I admire Foolishness ; I dislike practical jokes. But as a person with pretty flexible boundaries, I have been the butt of jokes and teasing most of my life. Most times I go along with being teased, unless it is directed at my poor hearing. Then I bristle. I am not a schadenfreude sort of guy – I cannot understand the joy that others seem to get out other peoples’ embarrassment and discomfort. I detest TV shows featuring videos showing people in some distressful, apparently uproariously comical situation.
But I have known a few people in my life who were compulsive practical jokers. When I lived in Hawaii, I dated a lovely, creative, loving, lively, spirited woman who loved creating practical jokes. But she also was generous in surprising her friends. I am not too fond of surprises either – I don’t like the attention – but she did create some wonderful ones. We first met in an elevator, so a couple of times she managed to spring a surprise on me during what we called St.Otis’ Day, the anniversary of our meeting. She and I would walk into an elevator festooned with greeting placards and ribbons and leis, celebrating our meeting. Those loving surprises were always good for merriment with other elevator passengers. Anyway, I have a fondness for chatting up strangers in elevators. After all- that is how I first met my girlfriend.
And despite my plea for a quiet 40th birthday, she organized a complete yet touching surprise with friends quietly waiting in my tiny little house in Palolo. Odd, that- for somebody as outgoing and social as me, I really am not comfortable with a lot of fuss!
We were part of a jolly group of teachers, dentists, engineers, – all, except me, who loved practical jokes. But I went along with most of the stunts. We took it in turns to dress as Dolly Parton at public gatherings- although I have never been a buxom chap. Or, in silly-dress, we ambled in Waikiki, oooohing and aaahing and gawking and pretending to be being hapless Mainland tourists. Or, for birthdays we cooked up dead fish pies, created from the carcasses washed up on the shore near Hawaii Kai. I did not say that we were boring teachers, dentists, engineers in real life.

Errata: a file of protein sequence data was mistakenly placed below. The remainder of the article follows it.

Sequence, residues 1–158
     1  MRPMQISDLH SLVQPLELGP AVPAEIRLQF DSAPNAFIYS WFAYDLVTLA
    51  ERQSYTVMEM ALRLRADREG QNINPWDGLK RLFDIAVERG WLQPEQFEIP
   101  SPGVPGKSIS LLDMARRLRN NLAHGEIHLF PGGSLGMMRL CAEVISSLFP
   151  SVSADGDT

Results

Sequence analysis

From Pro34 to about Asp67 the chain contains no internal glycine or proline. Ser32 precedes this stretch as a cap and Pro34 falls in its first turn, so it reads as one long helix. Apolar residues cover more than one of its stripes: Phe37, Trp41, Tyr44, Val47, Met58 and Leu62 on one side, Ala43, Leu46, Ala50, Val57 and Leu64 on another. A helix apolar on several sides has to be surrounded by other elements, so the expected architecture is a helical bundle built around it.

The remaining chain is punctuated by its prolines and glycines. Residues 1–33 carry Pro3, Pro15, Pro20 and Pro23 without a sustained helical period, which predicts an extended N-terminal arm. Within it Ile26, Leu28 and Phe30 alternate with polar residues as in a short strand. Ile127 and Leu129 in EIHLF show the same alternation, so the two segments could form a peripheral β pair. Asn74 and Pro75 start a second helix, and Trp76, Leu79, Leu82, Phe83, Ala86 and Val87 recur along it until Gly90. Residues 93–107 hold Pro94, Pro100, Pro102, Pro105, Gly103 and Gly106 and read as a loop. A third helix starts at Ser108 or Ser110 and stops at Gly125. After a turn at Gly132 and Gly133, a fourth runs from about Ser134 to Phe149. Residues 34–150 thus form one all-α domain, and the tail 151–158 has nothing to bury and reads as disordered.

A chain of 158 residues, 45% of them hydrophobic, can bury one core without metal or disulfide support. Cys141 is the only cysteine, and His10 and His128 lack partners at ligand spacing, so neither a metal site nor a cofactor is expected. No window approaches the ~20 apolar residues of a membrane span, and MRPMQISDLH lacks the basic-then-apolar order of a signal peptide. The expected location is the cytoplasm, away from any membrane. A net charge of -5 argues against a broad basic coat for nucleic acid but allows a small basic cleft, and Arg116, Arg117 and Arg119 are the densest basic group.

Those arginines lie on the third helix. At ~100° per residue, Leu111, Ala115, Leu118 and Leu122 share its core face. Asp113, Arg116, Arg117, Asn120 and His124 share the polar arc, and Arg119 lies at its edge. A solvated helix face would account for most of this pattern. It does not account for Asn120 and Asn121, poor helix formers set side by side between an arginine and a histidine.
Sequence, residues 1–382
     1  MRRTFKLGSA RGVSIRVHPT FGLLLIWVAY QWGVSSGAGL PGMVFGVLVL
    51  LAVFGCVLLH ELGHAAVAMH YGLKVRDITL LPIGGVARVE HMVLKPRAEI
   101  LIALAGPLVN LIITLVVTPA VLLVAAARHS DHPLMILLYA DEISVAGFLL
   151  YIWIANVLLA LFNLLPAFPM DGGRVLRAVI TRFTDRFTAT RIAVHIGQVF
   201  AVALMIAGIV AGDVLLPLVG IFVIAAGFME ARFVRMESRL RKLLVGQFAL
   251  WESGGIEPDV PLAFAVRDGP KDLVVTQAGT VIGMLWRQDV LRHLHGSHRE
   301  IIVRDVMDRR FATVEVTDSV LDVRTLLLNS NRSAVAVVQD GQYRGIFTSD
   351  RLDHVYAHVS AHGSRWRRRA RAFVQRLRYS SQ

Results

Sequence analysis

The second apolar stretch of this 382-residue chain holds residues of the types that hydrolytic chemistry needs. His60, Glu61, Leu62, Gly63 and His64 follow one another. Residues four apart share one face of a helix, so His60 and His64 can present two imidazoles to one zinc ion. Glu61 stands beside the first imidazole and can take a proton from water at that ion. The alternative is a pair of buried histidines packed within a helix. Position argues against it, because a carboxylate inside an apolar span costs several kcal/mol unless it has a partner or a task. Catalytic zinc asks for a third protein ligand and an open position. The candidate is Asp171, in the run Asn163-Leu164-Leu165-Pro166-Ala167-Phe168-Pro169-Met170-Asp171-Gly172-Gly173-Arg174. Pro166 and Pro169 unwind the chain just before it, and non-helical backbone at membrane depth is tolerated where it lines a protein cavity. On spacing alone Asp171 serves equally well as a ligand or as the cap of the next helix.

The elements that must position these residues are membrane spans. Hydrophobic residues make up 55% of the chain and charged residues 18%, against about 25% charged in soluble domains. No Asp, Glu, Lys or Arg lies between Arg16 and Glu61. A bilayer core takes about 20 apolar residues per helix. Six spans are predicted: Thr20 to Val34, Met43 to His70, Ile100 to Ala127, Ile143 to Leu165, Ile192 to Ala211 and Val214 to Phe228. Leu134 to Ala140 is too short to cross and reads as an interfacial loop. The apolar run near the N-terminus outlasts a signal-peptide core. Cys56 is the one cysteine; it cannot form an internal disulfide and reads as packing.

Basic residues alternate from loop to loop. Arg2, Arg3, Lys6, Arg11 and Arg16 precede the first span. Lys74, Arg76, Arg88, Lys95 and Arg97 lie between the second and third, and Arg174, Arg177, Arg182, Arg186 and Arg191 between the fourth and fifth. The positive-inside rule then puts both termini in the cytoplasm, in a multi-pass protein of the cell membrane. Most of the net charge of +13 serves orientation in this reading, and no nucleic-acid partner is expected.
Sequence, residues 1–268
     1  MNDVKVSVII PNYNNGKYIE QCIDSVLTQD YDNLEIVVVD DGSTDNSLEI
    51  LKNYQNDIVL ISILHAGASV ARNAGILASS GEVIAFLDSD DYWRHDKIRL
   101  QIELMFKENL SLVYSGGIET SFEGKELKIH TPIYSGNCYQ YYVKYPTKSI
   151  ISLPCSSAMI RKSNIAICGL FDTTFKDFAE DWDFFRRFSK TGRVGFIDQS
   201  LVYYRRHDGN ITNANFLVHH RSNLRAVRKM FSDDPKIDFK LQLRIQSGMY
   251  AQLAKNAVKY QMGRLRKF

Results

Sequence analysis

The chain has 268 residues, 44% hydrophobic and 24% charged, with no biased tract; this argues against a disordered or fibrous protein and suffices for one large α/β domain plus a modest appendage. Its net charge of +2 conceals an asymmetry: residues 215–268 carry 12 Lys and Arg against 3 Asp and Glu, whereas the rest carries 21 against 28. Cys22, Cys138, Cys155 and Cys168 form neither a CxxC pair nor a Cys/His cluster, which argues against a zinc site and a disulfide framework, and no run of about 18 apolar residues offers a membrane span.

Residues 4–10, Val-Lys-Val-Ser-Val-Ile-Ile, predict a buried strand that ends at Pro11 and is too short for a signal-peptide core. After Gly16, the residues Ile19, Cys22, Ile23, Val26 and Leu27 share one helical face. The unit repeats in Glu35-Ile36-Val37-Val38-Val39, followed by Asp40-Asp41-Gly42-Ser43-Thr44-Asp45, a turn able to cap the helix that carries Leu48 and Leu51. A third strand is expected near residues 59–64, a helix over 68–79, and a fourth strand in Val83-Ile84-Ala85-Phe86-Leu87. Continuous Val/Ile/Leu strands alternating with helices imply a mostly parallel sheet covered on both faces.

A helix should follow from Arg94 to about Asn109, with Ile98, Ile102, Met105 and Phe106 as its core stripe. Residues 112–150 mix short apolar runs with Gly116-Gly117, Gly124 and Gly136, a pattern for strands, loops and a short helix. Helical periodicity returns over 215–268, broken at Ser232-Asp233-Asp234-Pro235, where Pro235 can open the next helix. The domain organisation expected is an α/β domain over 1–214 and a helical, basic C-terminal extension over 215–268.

The jokes went too far sometimes. I recall being in a major hurry the morning of April 1 1985. I rushed to my VW van and found it stuffed completely full with crumpled newspaper. Many people had spent a lot of time crumpling weeks worth of newspaper for that April’s Fool joke. It was a windy morning and I had to ferry armfuls of newspaper to the trash enclosure, and chasing fugitive sheets as they kipped across the car park. I was late for my appointment.
So, I expressly asked for no more April Fool’s jokes to be played. But on another April 1, I got home from an overnight with my girlfriend, bursting with a need to pee. (I used to drink a lot of black tea). Rushing to the bathroom, I found it stuffed with crumpled newspapers. April Fool again! I was shocked and angry, still with an urgent pee need. My anger puzzled my girlfriend, who had very rarely seen it, but would see it few more times, because that day was the beginning of the middle of the end our of our long relationship. The pain of that protracted parting was no joke.